[caption id="attachment_225315" align="alignright" width="387"] The Royale Group intends to acquire the former BASF plant in Seaford as early as next month. | PHOTO COURTESY OF ROYALE GROUP[/caption]
SEAFORD – Royale Pigments & Chemicals, a growing manufacturer in Delaware, will invest $2.35 million into a new production plant in Seaford, repurposing a closed facility in the Sussex County town.Royale first arrived in Delaware in 2020, when it acquired IMS Chemblend and its facility at 400 Carson Drive in Bear, changing the operation’s name to AWSM Solutions Delaware and relocating Royale’s corporate headquarters from New Jersey to the New Castle County property.The company, led by CEO Jonathan Logue, a veteran executive from the paper and chemicals business, develops, produces, imports and exports specialty chemicals. More than half of its products are used in the production of semiconductor chips, with the rest falling into a variety of uses from firefighting equipment to pharmaceuticals to an organic alternative to the herbicide Roundup.After investing $750,000 into its Bear facility and growing its headcount from three to 24 employees there – it’s currently hiring for another six employees – Royale began to look at expanding to meet product demand, Logue said.“We're looking at bringing some of the molecules that we manufacture in Asia back to the United States by the request from our customers,” he explained, noting that the semiconductor-linked chemicals in particular were being sought.
[caption id="attachment_225314" align="alignleft" width="300"] Royale Group CEO John Logue responds to a question from the Council on Development Finance on Monday. | DBT PHOTO BY JACOB OWENS[/caption]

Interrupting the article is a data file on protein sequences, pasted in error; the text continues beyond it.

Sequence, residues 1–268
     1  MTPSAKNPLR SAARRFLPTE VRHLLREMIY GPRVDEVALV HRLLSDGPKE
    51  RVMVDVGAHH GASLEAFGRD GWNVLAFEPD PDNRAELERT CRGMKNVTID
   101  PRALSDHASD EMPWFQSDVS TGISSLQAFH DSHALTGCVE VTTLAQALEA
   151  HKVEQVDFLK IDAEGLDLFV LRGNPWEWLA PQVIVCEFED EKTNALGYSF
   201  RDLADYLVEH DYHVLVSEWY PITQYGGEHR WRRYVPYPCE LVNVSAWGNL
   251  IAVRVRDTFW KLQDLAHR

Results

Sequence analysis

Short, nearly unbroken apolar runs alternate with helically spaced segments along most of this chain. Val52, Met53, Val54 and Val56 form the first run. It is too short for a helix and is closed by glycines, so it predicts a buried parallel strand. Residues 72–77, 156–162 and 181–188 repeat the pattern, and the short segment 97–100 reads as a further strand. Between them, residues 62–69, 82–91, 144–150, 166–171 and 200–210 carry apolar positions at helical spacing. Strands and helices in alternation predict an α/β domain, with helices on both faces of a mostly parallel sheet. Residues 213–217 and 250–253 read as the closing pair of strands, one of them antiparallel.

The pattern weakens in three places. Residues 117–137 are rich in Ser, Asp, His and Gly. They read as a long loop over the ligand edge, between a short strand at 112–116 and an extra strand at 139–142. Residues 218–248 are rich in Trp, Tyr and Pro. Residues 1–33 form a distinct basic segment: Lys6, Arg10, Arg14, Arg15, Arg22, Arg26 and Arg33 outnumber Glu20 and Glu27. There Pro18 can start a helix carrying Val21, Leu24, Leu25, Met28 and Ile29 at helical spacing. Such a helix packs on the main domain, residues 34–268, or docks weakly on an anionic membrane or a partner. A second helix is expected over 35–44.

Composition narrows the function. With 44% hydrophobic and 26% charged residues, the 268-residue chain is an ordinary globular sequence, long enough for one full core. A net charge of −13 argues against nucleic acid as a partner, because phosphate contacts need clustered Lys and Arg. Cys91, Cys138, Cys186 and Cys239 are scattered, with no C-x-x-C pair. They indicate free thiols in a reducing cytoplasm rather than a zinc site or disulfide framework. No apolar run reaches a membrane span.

To meet that demand, Royale began looking at expanding its operations, looking at sites throughout the tri-state region. In the end, it eyed the former BASF polymer plant at 100 Industrial Park Blvd. in Seaford that is now owned by Delmarva Central Railroad.The railroad operates a transloading facility at the on-site rail spur located there, but the building itself is underutilized with no active operations. Logue said they would invest in a refurbishment of the plant and eventually hire up to 29 people, including chemical operation, maintenance/warehouse and manager/supervisor positions, over the next three years to operate it.In addition to Royale, a secondary tenant would be sought in the future to utilize the site and create additional investment and job growth, Logue said.To support the project, the state’s investment board, the Council on Development Finance, unanimously approved on Monday a jobs performance grant of $177,930 to create and retain the new jobs, and a capital expenditure grant of $70,500 to acquire and equip the Seaford site. The $248,430 would come from the taxpayer-backed Strategic Fund and be dependent on benchmarks.In a Monday afternoon statement, Seaford Mayor David Genshaw said his town was excited to welcome the new employer.“Our city has seen an incredible wave of revitalization with the help of the Delaware Prosperity Partnership, and we are grateful for their support and for Royale Pigments & Chemicals for choosing Seaford,” he said, referring to the state’s economic development agency which helped land the project.The investment by Royale adds to recent economic development wins for the western Sussex town, which also landed an Amazon delivery station last year and has partnered with KRM Development to build a new multimillion-dollar business park meant to revive a town economy that has struggled since the famed DuPont nylon plant closed.